Though India has produced some great leaders till date, the road ahead for India Inc seems bumpy.
A recent report by Booz & Company, which analysed India’s top 500 companies, concluded that, by 2017, 15-18% leadership positions in these companies will remain vacant or will be filled by underprepared employees. This means companies will be missing one out of five leaders they need.
Earlier studies have also pointed out the same. A study by Harvard Business Publishing in 2010 stated that an overwhelming 88% of top Indian companies cited “gaps in their leadership practice” as the top challenge.
The 2012 Manpower Group Talent Shortage Survey reported that 48% of respondents in India had difficulty finding qualified candidates for senior managerial positions. The survey also found India among the top three countries facing a shortage of skilled leaders.
“India, as a country, is focused on developing technology than people in leadership roles. So we have technocrats concentrating on innovations but can’t manage teams and lead them,” says Uday Salunkhe, Group Director-WeSchool.
The problem, according to experts, lies in our education system which teaches to you be competitive and not collaborative. “MBA schools teach people management skills, but how to inspire people to give their best and get people to work in a team together are not very effectively taught,” says Keyuri Singh, VP-HR, Blue Star Infotech.
During the early 2000, many young managers were spring-boarded into the leadership roles and thrust into the frontline. “The average age of the Indian workforce is younger than the age of the western workforce. While armed with oodles of IQ, this young workforce has not been able to develop similar EQ,” remarks Ashish Arora, founder and MD, HR Anexi.
Many feel organisations tend to promote employees who are excellent individual workers, but lack the qualities to be a good leader and a worker. Singh feels organisations should understand that a top performer does not necessarily mean a good leader.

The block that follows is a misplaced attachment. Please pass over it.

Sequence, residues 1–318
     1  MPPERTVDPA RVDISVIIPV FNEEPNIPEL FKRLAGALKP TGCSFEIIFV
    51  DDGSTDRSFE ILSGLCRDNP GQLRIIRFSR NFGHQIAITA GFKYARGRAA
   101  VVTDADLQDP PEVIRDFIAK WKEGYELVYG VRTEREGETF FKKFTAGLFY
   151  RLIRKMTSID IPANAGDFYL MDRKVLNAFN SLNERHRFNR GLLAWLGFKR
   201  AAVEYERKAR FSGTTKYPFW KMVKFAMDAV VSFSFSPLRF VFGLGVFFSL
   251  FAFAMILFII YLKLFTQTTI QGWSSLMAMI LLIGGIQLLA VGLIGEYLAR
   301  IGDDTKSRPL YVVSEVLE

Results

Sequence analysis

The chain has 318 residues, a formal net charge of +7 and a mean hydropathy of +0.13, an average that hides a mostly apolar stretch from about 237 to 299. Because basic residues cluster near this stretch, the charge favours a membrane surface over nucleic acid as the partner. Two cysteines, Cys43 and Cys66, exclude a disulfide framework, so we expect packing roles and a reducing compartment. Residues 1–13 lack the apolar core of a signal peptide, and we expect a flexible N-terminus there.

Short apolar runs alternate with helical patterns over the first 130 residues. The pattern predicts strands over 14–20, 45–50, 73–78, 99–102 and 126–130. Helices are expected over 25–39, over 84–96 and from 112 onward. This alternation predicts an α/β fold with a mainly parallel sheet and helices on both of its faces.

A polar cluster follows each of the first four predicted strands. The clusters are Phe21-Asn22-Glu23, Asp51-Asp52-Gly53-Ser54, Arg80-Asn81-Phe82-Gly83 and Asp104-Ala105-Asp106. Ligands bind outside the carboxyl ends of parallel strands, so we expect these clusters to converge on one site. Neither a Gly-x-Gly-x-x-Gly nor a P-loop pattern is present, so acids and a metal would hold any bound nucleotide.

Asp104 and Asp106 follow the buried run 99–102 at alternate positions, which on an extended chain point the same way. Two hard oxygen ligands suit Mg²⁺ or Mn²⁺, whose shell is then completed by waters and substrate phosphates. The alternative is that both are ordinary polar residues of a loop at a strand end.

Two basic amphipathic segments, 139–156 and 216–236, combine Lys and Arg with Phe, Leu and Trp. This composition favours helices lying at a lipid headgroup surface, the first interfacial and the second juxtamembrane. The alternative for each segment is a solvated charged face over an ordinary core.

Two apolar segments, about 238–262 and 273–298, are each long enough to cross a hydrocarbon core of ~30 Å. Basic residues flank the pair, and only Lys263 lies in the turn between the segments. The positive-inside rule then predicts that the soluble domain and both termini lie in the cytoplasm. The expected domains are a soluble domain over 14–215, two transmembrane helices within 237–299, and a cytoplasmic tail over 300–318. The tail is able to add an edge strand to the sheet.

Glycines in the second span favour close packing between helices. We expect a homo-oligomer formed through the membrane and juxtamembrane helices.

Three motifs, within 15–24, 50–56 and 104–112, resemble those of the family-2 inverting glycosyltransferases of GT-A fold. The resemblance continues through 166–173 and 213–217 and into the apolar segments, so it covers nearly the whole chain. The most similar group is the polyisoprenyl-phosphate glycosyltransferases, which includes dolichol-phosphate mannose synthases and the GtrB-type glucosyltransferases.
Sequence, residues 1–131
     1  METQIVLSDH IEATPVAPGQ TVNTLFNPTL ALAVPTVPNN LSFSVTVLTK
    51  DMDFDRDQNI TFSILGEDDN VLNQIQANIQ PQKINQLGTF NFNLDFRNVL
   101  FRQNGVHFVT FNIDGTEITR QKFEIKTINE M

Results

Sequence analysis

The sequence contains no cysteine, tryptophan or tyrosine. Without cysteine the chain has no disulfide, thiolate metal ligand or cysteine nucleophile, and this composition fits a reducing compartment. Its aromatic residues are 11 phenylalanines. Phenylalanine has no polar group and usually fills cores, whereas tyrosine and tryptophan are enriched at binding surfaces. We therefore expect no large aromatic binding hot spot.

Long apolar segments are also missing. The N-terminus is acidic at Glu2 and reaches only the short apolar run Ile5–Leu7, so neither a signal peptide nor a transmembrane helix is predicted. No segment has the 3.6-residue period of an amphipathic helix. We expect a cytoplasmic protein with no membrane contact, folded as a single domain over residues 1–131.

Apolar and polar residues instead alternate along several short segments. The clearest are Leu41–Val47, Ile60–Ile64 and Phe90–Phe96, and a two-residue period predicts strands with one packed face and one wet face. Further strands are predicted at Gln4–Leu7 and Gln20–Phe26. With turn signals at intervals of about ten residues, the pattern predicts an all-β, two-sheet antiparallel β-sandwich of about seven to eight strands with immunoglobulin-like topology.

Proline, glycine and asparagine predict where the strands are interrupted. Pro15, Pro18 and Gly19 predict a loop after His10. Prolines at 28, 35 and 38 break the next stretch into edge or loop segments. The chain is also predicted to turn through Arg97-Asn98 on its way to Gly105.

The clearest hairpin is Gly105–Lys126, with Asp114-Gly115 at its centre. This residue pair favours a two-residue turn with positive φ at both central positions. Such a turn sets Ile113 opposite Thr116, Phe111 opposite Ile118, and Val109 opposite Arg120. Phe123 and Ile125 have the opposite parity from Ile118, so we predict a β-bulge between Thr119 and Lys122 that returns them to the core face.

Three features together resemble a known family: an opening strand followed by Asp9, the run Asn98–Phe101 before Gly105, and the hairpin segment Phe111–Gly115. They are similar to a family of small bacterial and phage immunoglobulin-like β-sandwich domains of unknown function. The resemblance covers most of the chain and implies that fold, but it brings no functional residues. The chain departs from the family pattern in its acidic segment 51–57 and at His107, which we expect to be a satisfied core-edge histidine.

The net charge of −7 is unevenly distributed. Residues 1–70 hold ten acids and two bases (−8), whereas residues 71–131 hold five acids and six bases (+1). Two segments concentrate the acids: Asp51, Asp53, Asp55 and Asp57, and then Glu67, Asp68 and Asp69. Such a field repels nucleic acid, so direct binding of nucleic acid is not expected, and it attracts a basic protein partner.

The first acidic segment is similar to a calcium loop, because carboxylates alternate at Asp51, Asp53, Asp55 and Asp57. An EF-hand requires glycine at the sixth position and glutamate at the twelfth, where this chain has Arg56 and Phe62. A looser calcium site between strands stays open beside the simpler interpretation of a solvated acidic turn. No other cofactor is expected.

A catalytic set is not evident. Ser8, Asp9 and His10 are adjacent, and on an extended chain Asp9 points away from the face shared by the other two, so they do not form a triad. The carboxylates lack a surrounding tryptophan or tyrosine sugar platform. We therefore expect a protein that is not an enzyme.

“A person may be technically very sound, but may lack people management skills. There are different motives which drive different people and people who are great performers are often so focused on their achievements that they often do so at the expense of the company,” Singh says.
Ganesh Natarajan, CEO, Zensar, feels the faculty in the top MBA schools in India are from the academic community and not from the industry.
Many believe that people who are specialists in a particular field or experts in technology may not make great leaders and organisations need to create a separate career path where they can flourish and not over-burden them with people-oriented responsibilities.
Things are, however, changing. “Some of the companies today have in-house programmes to identify and groom leaders for tomorrow. However, this needs to be done more and more with on- the-job guidance and mentoring,” says James Agrawal, MD, BTI Consultants India.
“Companies now send CEOs-in-waiting to international business schools where there are separate leadership programmes. A few years back, I was sent to Harvard Business School to learn the nuances of what is needed to be a leader. Many great workers may not be equally great as leaders,” says Natarajan.